The financial advisory community is acutely aware of the value that it can provide to clients with proper investment and retirement planning and general financial counseling that can keep customers from going off the rails with their financial plans. But the public often has a very different perception of the value that advisors can provide, especially in an age of low-cost brokerage services, robo-advisors and the complete range of financial services that they can access with a smartphone.
However, hard data from research done on the industry seems to side solidly with the advisors in this matter. Here is some data to back that up.
The Vanguard Study
Vanguard Funds, a stalwart low-cost investment management company, released a study titled Advisor’s Alpha. This study estimates that clients who work with a good financial advisor will receive on average a 3% increase in the value of their portfolios each year. Of course, this increase does not come in a linear, orderly fashion. The majority of this increase will come during periods of heightened greed and fear in the markets when advisors can step in and help their clients maintain an even keel and keep their long-term objectives in sight. Morningstar has echoed the sentiment in Vanguard’s study in the release of a recent whitepaper, Alpha, Beta, and Now…Gamma. Morningstar’s definition of gamma is “the extra income an investor can earn by making better financial decisions.” It computes the actual amount of improvement in investment returns at 1.82% per year for those who use professional advice to make their financial decisions.
These studies ultimately show that financial advisors truly earn their fees by acting as behavioral coaches rather than money managers. This notion is further buttressed by research from Aon Hewitt and managed accounts provider Financial Engines from 2006 through 2008. The data that they obtained compared the returns of investors who sought advice from online sources or the use of target-date funds or managed accounts to those who did it all by themselves. The study concluded that the former group of investors enjoyed annual returns that were 1.86% higher on average net of fees than their do-it-yourself counterparts. The research also included comparisons of investment returns in the uncertain years of 2009 and 2010, and the study again concluded that the group that sought professional assistance in their decision making reaped annual returns that were nearly 3% higher compared to those who invested alone.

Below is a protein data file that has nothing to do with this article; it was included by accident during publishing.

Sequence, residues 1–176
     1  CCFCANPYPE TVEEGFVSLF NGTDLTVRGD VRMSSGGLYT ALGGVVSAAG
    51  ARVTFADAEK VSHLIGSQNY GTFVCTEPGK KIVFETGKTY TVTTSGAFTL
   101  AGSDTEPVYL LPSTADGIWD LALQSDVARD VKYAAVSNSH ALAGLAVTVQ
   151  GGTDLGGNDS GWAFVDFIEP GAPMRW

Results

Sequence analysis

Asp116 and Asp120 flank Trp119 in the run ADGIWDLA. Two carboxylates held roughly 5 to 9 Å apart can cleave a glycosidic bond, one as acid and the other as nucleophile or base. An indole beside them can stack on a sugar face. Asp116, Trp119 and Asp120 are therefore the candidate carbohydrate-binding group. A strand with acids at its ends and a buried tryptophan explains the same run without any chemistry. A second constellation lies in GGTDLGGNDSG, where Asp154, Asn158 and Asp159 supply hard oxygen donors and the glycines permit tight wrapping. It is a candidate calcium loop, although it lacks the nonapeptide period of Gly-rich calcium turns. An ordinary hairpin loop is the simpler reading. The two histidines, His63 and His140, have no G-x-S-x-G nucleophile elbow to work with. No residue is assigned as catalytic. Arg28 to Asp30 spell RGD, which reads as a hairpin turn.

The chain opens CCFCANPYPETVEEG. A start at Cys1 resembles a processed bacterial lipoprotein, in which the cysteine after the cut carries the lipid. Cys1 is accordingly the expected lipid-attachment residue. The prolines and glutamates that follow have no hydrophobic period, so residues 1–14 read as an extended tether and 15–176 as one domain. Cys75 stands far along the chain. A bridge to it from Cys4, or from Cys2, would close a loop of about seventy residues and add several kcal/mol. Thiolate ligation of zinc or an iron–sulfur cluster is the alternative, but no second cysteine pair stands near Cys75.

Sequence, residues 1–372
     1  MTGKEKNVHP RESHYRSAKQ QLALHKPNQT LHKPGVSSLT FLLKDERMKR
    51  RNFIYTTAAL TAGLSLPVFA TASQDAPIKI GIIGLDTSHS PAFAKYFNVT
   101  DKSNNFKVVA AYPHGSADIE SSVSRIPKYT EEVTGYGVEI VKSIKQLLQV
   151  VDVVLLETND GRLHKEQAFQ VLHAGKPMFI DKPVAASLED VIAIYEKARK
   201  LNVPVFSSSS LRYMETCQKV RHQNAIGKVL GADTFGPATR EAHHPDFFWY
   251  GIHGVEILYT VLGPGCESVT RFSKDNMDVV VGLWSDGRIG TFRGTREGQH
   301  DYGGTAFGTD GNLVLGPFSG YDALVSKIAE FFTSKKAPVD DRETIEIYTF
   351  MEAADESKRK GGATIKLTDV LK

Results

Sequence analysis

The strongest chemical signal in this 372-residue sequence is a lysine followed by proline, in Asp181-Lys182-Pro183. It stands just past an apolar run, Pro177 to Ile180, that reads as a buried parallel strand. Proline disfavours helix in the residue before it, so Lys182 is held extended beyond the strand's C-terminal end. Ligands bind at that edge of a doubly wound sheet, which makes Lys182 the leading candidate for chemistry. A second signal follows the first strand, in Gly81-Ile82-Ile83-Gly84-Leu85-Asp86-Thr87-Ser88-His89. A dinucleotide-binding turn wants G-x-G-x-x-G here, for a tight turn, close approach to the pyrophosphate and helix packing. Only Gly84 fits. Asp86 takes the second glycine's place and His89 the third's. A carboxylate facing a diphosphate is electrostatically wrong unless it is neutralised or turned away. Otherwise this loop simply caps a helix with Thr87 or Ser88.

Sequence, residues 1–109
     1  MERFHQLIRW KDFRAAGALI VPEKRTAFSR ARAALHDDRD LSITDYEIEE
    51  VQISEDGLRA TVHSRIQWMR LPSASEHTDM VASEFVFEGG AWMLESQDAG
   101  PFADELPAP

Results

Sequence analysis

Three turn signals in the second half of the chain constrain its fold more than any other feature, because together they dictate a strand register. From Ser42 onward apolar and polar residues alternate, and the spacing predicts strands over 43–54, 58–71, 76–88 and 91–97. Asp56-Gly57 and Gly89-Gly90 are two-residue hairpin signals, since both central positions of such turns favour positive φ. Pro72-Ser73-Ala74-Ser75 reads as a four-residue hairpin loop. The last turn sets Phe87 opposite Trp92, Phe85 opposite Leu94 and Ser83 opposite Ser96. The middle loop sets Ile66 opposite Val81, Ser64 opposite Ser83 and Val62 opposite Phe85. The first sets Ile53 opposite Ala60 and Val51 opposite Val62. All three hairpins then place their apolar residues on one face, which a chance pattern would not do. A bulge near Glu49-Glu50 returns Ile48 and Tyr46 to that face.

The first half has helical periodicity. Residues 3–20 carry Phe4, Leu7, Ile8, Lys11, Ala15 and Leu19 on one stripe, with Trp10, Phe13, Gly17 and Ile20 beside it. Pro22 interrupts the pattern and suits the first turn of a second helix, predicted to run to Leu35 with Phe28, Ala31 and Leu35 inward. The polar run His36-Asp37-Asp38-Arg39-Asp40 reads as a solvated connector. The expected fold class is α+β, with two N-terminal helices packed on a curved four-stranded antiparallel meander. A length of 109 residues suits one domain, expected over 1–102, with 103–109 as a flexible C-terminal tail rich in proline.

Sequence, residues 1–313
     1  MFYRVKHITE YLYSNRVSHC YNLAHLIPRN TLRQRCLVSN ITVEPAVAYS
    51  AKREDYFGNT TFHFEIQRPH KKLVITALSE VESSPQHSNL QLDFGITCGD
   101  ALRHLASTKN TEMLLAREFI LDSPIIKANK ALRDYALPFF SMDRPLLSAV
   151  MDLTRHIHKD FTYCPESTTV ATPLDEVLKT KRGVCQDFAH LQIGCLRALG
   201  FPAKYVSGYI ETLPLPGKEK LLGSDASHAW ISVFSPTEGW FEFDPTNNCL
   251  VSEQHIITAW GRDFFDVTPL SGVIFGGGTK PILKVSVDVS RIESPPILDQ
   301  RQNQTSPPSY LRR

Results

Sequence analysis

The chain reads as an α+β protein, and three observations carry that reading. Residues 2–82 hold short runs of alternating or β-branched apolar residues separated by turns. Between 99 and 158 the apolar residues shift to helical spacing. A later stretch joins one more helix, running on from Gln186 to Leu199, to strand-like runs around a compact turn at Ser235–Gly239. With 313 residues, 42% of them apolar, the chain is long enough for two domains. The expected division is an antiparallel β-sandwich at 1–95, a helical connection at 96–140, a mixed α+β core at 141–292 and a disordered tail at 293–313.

The data clearly indicates that financial advisors can provide the most valuable assistance during periods of high market volatility when investors are most likely to react with their emotions instead of logic. And additional research suggests that advisors can have a positive impact on their clients’ financial plans in other ways as well. The Investment Funds Institute of Canada released a report back in 2012 titled the Value of Advice Report, and this report revealed that clients who paid for financial advice have a 1.5 times higher probability to stick with their long-term financial plan than those who didn’t. This shows that while good financial advice can be beneficial in the short run, it can be exponentially more profitable for investors over longer periods of time.
The Canadian study also shows that those who pay for financial advice also often enjoy a higher quality of life, as they can rest secure in the knowledge that their advisor is taking care of them.
The Bottom Line
Numerous studies are showing that financial advisors usually earn their keep by functioning as behavioral coaches for their clients rather than from active asset management. Advisors need to keep this in mind as they prospect for new business—and as they pitch to provide their clients with peace of mind and a steady presence to rely on during turbulent markets.